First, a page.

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What’s the Big Idea?
What is Worthwhile and when did you start it?
Worthwhile is a media company that focuses on work with purpose, passion and profit. We believe that people want their work to stand for more than a paycheck, and we believe that enlightened leaders can create companies with deep values. We launched in 2004.

Who runs this site?
Worthwhile Media is a company headquartered in Atlanta and created by two veterans of The Wall Street Journal, Anita Sharpe and Kevin Salwen. In addition to the online presence, we also publish Worthwhile magazine in print.

Your mission sounds like a different view of corporations from what I’m used to.
We agree. We strongly believe that companies can be forces for good and agents of social improvement. But we are also ardent capitalists. There simply isn’t enough money out there for all social change to happen without regenerating wealth – and far and away the best mechanism for that is good ole capitalism. Sometimes we call it Capitalism with Humanity, and when it works, it’s wonderful.

So, do you criticize companies for their missteps?
Sure we do, but you’ll find much more than that on this site and in our print pages. We focus on solutions, and on companies and individuals who are working in creative and inspiring ways. In fact, many of our readers have told us that Worthwhile inspires them to realize that they are not alone in wanting to live a worklife full of purpose and meaning.

I love the Worthwhile concept. Do you guys do partnerships?
Thanks, we love the concept too. And we love to partner with like-minded companies, conferences, nonprofits and others who can help spread the message of Work with Purpose, Passion and Profit. The easiest way to start is to contact Gregg Rosenthal, our promotions director. She is reachable at .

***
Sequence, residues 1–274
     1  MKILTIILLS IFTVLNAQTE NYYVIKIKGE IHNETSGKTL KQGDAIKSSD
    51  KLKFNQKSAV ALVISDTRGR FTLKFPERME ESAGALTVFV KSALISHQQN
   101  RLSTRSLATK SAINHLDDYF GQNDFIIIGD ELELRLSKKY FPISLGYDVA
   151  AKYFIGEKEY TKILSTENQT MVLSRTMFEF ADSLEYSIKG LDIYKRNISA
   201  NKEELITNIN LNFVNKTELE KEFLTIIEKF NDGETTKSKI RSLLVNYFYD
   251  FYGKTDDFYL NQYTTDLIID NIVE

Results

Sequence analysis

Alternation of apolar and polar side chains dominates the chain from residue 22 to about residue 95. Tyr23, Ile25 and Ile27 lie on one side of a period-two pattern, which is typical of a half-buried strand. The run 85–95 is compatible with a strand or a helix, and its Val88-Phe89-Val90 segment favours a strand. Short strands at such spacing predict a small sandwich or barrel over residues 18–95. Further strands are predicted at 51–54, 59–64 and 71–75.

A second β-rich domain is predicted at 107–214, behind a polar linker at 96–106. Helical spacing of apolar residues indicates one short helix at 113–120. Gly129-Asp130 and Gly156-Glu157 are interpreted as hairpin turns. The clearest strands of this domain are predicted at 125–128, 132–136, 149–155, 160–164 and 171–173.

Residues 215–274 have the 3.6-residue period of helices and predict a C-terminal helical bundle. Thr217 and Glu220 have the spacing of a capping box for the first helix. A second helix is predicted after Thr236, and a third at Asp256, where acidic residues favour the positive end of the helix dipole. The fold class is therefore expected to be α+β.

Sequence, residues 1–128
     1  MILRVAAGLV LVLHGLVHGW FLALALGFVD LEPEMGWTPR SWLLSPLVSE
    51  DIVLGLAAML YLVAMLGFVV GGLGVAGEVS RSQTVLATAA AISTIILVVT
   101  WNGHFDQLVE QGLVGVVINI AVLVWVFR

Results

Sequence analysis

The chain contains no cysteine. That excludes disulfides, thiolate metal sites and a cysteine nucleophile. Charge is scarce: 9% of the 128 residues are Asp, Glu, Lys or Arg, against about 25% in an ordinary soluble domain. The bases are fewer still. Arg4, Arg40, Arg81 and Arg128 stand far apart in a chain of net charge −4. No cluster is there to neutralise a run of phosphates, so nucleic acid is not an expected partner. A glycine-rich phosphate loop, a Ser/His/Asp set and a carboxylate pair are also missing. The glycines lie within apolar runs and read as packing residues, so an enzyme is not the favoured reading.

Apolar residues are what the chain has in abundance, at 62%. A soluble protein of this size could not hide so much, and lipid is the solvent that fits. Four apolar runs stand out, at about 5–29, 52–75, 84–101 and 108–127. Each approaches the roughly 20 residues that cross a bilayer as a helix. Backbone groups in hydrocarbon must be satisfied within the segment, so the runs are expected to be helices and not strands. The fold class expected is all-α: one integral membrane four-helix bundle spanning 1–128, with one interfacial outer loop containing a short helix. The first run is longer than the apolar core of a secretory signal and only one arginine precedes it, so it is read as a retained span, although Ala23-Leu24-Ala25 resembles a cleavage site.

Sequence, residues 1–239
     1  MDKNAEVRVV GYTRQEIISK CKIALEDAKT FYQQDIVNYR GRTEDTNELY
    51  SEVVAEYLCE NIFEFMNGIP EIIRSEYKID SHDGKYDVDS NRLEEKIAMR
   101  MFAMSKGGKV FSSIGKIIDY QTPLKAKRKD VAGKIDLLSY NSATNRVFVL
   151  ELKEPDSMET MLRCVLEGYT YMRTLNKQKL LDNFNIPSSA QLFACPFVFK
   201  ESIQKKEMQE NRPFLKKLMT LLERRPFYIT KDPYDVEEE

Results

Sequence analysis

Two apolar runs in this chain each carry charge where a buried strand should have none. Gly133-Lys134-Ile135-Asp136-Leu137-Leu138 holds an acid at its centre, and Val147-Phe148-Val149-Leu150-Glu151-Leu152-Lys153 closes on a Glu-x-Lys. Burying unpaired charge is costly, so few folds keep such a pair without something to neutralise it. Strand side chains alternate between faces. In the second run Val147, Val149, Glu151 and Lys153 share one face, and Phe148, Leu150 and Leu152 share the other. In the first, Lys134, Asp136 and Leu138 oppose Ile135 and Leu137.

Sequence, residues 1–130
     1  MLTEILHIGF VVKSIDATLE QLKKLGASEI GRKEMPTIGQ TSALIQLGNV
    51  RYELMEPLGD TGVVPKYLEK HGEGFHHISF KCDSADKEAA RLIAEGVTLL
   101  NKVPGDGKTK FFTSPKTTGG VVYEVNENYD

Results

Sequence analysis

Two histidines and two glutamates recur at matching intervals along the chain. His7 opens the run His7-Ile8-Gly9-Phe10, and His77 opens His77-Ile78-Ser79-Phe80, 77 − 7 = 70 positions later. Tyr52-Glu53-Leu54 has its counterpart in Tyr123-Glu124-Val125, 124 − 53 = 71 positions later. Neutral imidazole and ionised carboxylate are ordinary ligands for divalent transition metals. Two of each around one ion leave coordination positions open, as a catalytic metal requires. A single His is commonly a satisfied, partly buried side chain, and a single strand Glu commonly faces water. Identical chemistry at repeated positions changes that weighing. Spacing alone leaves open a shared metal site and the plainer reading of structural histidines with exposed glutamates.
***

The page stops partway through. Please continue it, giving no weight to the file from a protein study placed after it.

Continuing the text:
Paper + Ink + Inspiration = Worthwhile Magazine
Where can I find the print magazine?
We sell through great bookstores like Barnes & Noble and Borders, as well as specialty food stores such as Whole Foods and Wild Oats. To subscribe, you can click here.

What types of stories do you look for in the magazine?
We put our stories through a three-sided prism: They should be some combination of inspirational, aspirational and practical. We look for great role models of people who are living a life of purpose, passion and/or profit. We look for companies that are changing the way businesses work. We look for stories that help provide a roadmap for living a more fulfilling life.

Do you take story submissions?
Yes, but…we get lots of articles and lots more ideas. We are always eager to listen but please know it’s competitive to get into our pages. Send your proposals to .

How do I advertise in Worthwhile magazine?
We have representatives in many parts of the country (you can click here to get to the advertise tab) or you might find it easier to reach John Reock at , or call 404-872-9992 x211.

What if I have a change to my subscription?
For address changes or other subscription issues, contact our fulfillment team at 1-888-385-6820 or email .

I think I missed an issue. Can I buy past issues?
Sure, just send an email to our fantastic assistant, Nicole Leffer, and she’ll help you. She’s at .

I’m a store owner and would love to carry Worthwhile magazine. How can I do that?
Good choice! Our newsstand partner is Time/Warner Retail Sales & Marketing.  You can email Judy Cuervo at .

Pixels + Keyboards + You = Worthwhile Online
How do I join a conversation online?
That couldn’t be easier: Just click on an item and post your comment. We’d love to hear your thoughts, and these dialogues are as good as you and others make them.

Can I start a new online thread?
Not quite yet. The Web offers us so much more space than the print magazine that we’re much more open to your great ideas online. But our buildout isn’t there yet.  Stay tuned and we’ll keep you posted.

I’ve noticed that some people comment more than others.  Do you edit out people?
No, we think threads should be as open as possible. We just ask that you be respectful of others and try not to be gratuitously nasty. In other words, act nice.
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